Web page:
Monday July 18, 2022

EIN News

On a chilly morning, I’m awake and alert as I can be. I’m strapped into a helicopter seat, flight helmet on, doors off, safety checks done, GPS in one hand, radio in the other, and a data sheet secured to my thigh. The excitement grows as the rotor blades pick up momentum and start humming loudly. We lift off from the ground and begin our trip into the backcountry. As I look over the wilderness mountains, my heart is pounding, I feel like a fish out of water and think, “How did I end up here? I’m a fish biologist!”

As fisheries biologists, we are used to walking along a streambed looking down to see what fish we can find. However, every September in the Middle Fork of the Salmon River tributaries, we shake things up a bit and take on an entirely different perspective of fisheries: flying.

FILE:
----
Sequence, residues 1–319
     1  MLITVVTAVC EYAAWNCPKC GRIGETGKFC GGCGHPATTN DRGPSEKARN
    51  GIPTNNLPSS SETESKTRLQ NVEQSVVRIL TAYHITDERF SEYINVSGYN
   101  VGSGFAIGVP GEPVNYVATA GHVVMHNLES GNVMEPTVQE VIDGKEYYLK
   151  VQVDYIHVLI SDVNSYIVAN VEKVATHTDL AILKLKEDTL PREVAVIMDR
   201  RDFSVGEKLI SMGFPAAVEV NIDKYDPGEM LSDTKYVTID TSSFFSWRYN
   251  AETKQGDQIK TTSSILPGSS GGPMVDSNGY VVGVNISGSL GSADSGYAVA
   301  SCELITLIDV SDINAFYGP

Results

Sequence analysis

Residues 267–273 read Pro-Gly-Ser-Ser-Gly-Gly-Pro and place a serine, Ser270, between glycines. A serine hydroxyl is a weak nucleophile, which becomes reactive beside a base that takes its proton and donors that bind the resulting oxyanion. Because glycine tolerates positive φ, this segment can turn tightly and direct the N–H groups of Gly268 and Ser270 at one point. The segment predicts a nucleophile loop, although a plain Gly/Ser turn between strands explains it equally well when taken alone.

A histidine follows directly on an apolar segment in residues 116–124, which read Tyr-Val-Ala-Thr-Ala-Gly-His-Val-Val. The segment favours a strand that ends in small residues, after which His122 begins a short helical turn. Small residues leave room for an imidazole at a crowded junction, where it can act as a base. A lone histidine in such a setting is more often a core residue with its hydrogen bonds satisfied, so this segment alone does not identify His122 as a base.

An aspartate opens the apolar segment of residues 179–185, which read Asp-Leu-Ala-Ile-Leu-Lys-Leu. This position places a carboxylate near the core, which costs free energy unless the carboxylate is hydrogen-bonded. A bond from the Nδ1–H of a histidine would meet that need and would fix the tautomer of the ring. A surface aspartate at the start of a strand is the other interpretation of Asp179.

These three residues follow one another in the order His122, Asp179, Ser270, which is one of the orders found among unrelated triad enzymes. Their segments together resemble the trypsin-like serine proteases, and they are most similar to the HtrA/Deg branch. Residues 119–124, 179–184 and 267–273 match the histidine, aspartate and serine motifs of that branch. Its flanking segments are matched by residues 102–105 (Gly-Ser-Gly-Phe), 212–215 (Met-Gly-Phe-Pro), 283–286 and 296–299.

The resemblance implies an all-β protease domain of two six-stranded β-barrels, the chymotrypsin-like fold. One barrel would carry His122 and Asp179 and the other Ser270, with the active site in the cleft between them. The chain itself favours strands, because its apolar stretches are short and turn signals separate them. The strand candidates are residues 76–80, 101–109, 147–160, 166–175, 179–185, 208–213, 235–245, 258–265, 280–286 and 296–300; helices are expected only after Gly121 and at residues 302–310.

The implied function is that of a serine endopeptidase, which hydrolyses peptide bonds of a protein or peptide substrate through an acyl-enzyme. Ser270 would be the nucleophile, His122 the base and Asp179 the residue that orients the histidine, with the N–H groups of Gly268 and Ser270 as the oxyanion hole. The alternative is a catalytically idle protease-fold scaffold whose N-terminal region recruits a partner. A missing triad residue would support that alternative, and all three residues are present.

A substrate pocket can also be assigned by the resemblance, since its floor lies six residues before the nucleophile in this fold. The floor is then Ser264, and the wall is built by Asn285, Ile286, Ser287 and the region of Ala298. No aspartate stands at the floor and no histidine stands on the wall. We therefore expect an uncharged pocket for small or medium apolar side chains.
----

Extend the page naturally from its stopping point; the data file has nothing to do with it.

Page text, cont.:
For over 70 years, biologists have been counting Chinook salmon nests, called redds, in the Middle Fork of the Salmon River to estimate how many Chinook salmon are returning from the ocean to these tributaries to spawn. Spring-summer Chinook, which refers to their adult upstream migration timing, are listed as Threatened under the federal Endangered Species Act.

As with other regional salmon species, these fish have very important ecological, cultural and economic roles in Idaho, so Fish and Game biologists put a great amount of effort into monitoring their populations to better protect and manage them. A key part of management is continually assessing reproduction and population abundance to track trends over time, and that is where redd counts come into play.

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